In the bowl of a standing mixer fitted with the paddle attachment, place the all-purpose flour, whole-wheat flour, yeast, salt and brown sugar. Mix on low speed. Add the beer and oil, and mix on low to form a cohesive dough. Turn off the mixer, scrape down the paddle and replace with the dough hook. Knead the dough on low for 10 minutes, adding all-purpose flour as necessary by the tablespoon for desired consistency. The dough should leave the sides of the bowl and cling to the dough hook.
(This can also all be done by hand – mix dry ingredients with a whisk, stir in the liquid ingredients with a sturdy spoon and knead by hand).
Turn out the dough onto a surface lightly dusted with all-purpose flour, and knead to shape into a ball. Lightly oil a large bowl. Put in the dough, turning once so the oiled side is on top. Cover with plastic wrap and let rise in a warm place until doubled, 1 1/4 hours to 1 1/2 hours.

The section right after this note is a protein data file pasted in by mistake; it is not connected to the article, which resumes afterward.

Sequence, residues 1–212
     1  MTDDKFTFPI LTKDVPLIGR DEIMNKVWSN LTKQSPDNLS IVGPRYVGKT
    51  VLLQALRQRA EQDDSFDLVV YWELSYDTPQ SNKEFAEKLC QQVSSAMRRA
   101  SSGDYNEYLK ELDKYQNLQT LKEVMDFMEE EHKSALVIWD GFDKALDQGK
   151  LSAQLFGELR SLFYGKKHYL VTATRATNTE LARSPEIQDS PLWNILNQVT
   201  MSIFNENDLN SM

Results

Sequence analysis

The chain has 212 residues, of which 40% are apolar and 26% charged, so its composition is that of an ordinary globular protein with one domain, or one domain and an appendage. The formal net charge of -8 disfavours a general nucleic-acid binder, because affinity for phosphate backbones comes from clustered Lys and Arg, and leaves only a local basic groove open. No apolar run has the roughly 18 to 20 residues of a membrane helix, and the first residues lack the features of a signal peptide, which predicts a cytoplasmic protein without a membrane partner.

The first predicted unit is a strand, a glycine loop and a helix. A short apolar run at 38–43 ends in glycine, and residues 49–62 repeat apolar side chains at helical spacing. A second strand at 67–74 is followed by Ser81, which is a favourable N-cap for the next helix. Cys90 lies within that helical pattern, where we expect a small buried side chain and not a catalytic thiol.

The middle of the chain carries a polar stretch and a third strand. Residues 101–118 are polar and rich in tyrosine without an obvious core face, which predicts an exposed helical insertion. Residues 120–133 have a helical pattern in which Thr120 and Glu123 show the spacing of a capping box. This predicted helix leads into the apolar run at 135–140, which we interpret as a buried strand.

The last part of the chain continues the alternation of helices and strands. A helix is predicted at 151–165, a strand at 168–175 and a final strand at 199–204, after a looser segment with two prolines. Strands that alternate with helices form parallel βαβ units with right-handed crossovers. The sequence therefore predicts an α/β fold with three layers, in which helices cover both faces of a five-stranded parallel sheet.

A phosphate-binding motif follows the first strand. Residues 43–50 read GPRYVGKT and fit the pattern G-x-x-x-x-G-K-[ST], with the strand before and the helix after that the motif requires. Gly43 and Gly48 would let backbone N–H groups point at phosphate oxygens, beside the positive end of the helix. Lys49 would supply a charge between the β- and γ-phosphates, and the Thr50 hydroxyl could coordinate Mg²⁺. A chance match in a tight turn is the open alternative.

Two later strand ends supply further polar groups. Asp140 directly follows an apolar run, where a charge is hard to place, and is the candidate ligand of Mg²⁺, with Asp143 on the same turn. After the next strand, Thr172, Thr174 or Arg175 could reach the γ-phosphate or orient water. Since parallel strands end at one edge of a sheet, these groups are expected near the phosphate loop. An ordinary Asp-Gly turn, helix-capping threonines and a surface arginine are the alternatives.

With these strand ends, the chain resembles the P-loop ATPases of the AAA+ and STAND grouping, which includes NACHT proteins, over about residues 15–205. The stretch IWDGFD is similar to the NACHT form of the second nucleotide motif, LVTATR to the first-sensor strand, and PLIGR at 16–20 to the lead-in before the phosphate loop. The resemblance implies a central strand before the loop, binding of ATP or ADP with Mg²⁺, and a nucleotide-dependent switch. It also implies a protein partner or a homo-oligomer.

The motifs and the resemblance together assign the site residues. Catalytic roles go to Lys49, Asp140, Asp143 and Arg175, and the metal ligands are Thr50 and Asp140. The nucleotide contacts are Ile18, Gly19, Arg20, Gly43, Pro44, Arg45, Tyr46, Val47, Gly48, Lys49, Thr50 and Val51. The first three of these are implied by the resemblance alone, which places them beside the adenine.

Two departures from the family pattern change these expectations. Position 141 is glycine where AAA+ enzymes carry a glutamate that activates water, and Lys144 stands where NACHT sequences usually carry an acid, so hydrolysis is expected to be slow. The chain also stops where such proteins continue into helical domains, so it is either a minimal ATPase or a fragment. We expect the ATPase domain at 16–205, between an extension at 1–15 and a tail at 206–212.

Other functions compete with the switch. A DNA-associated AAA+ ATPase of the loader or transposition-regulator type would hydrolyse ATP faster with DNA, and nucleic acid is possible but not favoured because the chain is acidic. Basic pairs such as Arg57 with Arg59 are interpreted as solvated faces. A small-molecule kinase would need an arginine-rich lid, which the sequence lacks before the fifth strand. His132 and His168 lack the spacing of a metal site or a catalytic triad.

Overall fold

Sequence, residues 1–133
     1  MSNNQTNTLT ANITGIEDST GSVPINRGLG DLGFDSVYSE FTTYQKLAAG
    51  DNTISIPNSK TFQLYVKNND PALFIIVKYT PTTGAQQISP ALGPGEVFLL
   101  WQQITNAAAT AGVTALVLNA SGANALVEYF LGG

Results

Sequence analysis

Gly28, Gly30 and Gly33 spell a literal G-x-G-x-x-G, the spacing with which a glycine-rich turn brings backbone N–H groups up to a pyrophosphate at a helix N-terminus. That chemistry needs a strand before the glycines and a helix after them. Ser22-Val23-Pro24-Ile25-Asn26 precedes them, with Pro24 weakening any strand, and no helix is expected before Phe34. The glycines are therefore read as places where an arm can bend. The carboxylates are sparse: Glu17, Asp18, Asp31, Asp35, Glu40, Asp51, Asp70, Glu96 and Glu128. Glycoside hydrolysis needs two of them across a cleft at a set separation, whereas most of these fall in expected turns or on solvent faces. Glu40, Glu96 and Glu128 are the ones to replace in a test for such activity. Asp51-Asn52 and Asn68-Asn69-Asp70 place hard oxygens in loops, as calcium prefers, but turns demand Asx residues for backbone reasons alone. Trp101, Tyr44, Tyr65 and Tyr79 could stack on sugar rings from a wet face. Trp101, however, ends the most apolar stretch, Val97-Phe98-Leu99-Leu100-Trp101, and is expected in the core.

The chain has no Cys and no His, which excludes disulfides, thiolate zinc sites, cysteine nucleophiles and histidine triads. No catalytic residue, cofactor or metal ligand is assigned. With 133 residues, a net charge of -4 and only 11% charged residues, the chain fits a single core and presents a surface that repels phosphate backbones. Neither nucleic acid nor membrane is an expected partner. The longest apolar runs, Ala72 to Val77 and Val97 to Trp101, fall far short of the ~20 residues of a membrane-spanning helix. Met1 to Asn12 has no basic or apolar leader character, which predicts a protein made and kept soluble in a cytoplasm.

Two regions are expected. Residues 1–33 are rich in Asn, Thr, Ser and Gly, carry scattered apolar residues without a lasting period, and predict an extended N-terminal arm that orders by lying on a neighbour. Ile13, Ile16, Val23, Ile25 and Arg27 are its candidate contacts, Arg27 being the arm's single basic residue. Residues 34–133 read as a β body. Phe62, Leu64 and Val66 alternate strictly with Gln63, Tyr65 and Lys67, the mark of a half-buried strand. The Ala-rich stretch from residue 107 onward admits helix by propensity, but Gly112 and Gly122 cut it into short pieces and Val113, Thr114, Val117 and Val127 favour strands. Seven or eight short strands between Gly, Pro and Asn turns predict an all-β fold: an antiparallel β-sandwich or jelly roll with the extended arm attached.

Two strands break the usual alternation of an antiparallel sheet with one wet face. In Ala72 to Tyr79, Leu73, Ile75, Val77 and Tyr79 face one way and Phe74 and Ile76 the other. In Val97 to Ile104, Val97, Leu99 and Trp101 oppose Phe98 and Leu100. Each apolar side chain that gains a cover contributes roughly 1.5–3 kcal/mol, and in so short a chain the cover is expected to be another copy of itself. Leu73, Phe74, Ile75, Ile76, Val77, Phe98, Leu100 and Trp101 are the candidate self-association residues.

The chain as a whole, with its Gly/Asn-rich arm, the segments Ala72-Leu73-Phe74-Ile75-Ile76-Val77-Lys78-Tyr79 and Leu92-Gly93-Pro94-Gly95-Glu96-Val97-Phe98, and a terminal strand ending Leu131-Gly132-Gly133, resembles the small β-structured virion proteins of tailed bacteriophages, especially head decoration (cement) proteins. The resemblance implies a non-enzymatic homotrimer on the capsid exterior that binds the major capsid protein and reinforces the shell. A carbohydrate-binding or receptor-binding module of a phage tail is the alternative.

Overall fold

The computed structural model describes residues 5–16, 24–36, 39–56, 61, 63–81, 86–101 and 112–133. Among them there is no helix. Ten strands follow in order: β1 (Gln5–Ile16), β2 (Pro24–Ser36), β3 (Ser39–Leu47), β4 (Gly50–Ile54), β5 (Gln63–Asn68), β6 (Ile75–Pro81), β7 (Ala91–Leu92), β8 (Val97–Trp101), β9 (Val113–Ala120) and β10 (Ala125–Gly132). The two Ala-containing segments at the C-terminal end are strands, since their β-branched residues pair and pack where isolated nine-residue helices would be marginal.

Turn out dough on a surface lightly dusted with all-purpose flour, and knead to remove any air pockets. Shape into an oblong loaf and place in an oiled 9-by-5-inch loaf pan. Cover with a lint-free, clean kitchen towel that has been wetted and wrung almost dry. Let rise in a warm place until doubled, about 1 hour.
While the loaf is rising the second time, preheat the oven to 350 degrees.
Bake 40 minutes, until the top is browned. Transfer from the pan to a wire rack. Do not slice until completely cool.
Per serving: 162 calories; 2 g fat; 0 g saturated fat; no cholesterol; 4 g protein; 30 g carbohydrate; 3 g sugar; 2 g fiber; 11 mg sodium; 294 mg calcium.